Finance, Planning & Forecasting Guide: Part 1

The journey towards extending planning and analysis can be a long one but it is a rewarding experience.

What is a Business Budget?

A business budget is a financial plan for a specific period. It includes all the projected income and expenses for a given period. The time frame can vary depending on the budgeting approach you choose, but it should be long enough to cover the typical life cycle of your company.
Managers use the budget to track the entire business’s performance and make sure it stays within its expected income and expense levels.
A budget is a living document that changes as your company grows and takes on additional expenses. That’s why it’s essential to update the budget as your company flourishes regularly.


Why is Planning a Business Budget Important?

A business budget is essential for any company that wants to keep track of its expenses and remain financially responsible. If a business doesn’t plan its expenses and carefully manage its money, it could end up spending more than it earns. That could lead to debt, bankruptcy, or other financial problems.

Budgets are essential for several reasons.

  • Stay focused on financial goals

    They help an organisation stay focused on its financial goals. Managers use budgets to make sure every dollar is spent wisely. If an expense isn’t planned for in the budget, it might end up being cut from future budgets. That helps managers stay focused on their core business objectives.

  • Predict future

    Budgets help managers predict future expenses. If a business knows how much it expects to make in a given period, it can better forecast its expenditures. This lets managers plan for future expenses by predicting when they’ll happen.

  • Keep within limits

    Keeping cash flow within limits is extremely important for any firm with more than two or three employees. If a firm doesn’t know how much cash it’ll need to operate, it won’t be able to plan for expenses like equipment maintenance, office supplies, insurance, and so on.

How to Develop a Business Budget

Developing a business budget starts with projecting expected income and expenses. It is the heart of any budget because it determines how much money a business will have to work with.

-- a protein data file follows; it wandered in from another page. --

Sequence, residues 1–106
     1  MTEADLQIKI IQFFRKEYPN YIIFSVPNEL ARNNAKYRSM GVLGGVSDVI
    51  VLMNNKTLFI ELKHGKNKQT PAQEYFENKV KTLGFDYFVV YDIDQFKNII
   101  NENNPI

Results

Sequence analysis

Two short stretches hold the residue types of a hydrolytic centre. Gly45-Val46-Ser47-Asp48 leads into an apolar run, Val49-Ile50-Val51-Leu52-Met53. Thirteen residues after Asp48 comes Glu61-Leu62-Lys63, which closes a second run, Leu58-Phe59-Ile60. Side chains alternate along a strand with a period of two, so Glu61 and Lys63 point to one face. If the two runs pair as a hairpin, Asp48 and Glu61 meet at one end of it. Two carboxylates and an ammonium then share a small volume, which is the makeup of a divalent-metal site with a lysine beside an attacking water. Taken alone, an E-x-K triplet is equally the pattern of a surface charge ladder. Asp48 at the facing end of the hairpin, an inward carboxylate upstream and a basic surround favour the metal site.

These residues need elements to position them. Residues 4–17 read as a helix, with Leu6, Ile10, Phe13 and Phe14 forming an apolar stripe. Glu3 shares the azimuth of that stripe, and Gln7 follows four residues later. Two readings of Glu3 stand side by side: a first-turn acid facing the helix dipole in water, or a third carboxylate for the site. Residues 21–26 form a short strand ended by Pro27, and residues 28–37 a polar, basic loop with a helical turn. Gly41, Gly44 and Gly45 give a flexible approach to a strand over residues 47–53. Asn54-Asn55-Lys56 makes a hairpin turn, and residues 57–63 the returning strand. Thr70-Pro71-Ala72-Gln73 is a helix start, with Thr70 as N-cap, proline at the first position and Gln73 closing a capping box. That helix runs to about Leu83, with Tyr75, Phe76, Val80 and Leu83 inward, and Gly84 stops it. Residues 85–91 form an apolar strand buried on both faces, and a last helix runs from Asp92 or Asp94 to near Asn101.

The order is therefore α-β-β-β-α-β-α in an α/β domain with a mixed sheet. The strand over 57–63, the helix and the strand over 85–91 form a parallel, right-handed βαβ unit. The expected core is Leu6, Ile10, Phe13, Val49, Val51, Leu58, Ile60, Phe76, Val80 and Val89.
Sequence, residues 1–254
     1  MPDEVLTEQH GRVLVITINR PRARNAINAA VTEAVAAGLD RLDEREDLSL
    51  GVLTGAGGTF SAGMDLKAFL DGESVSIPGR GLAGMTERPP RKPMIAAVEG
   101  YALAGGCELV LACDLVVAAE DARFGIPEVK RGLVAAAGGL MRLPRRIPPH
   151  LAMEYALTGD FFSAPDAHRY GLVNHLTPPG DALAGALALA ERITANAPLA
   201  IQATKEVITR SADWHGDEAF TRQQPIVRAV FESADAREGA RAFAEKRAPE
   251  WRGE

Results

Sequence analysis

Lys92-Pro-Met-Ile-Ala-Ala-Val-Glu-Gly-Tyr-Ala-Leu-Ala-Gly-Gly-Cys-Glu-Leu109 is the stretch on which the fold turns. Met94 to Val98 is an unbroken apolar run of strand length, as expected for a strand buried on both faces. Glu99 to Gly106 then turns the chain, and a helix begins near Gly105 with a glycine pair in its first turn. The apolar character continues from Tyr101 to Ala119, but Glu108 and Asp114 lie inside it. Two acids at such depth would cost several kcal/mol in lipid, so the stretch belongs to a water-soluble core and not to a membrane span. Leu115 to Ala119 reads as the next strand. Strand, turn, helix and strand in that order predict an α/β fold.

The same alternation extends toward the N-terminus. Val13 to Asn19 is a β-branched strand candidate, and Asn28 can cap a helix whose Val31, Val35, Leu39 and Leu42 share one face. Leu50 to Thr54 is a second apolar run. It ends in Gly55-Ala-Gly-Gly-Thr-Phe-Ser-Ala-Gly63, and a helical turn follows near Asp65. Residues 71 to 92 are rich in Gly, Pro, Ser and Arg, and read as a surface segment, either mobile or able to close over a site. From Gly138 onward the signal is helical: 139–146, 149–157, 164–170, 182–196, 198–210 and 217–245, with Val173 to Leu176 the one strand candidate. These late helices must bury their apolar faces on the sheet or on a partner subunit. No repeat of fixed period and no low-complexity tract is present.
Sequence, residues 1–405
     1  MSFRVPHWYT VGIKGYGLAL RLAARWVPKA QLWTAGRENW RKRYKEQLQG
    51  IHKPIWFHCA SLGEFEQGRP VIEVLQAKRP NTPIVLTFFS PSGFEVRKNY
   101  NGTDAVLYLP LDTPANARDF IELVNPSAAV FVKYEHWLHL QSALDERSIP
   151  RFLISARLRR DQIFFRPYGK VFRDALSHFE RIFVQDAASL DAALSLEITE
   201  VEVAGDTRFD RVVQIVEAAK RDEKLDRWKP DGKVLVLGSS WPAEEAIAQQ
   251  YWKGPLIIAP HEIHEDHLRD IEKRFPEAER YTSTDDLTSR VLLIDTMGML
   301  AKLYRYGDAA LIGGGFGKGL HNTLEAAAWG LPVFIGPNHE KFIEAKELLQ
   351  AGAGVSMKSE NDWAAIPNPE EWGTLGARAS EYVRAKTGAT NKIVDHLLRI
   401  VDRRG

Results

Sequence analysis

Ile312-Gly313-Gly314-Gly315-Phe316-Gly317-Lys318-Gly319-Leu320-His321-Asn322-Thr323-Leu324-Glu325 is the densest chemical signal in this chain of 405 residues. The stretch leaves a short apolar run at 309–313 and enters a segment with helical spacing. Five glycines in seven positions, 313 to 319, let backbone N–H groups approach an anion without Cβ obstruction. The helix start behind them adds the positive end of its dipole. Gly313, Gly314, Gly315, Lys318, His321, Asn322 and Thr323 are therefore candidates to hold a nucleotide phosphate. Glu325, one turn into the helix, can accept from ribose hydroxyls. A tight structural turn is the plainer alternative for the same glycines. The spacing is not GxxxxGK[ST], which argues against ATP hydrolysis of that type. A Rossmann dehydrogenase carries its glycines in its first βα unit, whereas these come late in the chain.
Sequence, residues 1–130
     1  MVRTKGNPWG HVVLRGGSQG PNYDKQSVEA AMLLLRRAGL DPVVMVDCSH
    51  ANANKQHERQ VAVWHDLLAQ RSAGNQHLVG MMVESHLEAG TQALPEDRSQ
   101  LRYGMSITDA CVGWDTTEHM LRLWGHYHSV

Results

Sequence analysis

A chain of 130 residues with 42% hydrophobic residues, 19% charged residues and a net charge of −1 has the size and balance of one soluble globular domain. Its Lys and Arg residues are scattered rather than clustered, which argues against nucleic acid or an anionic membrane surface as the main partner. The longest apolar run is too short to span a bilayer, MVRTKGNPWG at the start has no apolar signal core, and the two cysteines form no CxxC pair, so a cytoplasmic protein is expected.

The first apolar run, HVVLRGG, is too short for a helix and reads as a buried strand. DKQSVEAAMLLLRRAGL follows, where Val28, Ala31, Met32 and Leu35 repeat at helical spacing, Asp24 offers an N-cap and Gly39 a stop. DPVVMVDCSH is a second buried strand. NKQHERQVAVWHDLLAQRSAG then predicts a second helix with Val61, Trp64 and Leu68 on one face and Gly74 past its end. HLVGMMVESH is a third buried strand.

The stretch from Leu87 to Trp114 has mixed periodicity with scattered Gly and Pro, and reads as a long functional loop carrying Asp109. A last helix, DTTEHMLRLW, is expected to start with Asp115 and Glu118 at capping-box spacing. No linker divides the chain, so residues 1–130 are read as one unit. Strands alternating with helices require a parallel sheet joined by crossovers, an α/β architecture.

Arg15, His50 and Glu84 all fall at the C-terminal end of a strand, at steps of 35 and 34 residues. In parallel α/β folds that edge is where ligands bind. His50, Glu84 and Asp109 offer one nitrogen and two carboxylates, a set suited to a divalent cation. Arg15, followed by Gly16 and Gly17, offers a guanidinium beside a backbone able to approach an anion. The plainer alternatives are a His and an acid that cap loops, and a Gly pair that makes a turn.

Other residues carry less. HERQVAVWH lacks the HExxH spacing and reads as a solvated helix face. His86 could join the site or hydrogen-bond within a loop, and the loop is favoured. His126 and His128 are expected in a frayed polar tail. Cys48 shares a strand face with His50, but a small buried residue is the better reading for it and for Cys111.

The income side of the budget should include every income source a company expects to generate. It includes sales of goods or services, fees for professional services like taxes or legal services, grants or donations, interest or dividend income, and any other source.

The expenses side of the budget should include every expense a business expects to incur during the budget period. It includes salaries for employees and contractors, expenses like office supplies and paper, internet and phone expenses, employee benefits, advertising and promotional expenses, and other operating expenses.


How to Adapt a Business Budget

Business expenses change over time, and so do the prices of goods and services. As a result, a business budget should be adapted as changes occur. Managers need to be flexible enough to adjust their budgets to changing circumstances. It means being able to change numbers in the budget as required, even if they’ve been committed to paper. Managers should also be able to explain how the budget has changed from one period to the next. Being flexible doesn’t mean changing your budget midstream. It means making educated guesses about what may happen in the future and adjusting your budget as needed.



Business budgets are essential for any organisation, big or small. They help a business stay focused on its financial goals and anticipate expenses. They also allow a company to forecast future cash needs and manage its staff. Developing a business budget is straightforward and should take no longer than a few weeks. However, the budget may need to be adjusted as your organisation grows and changes.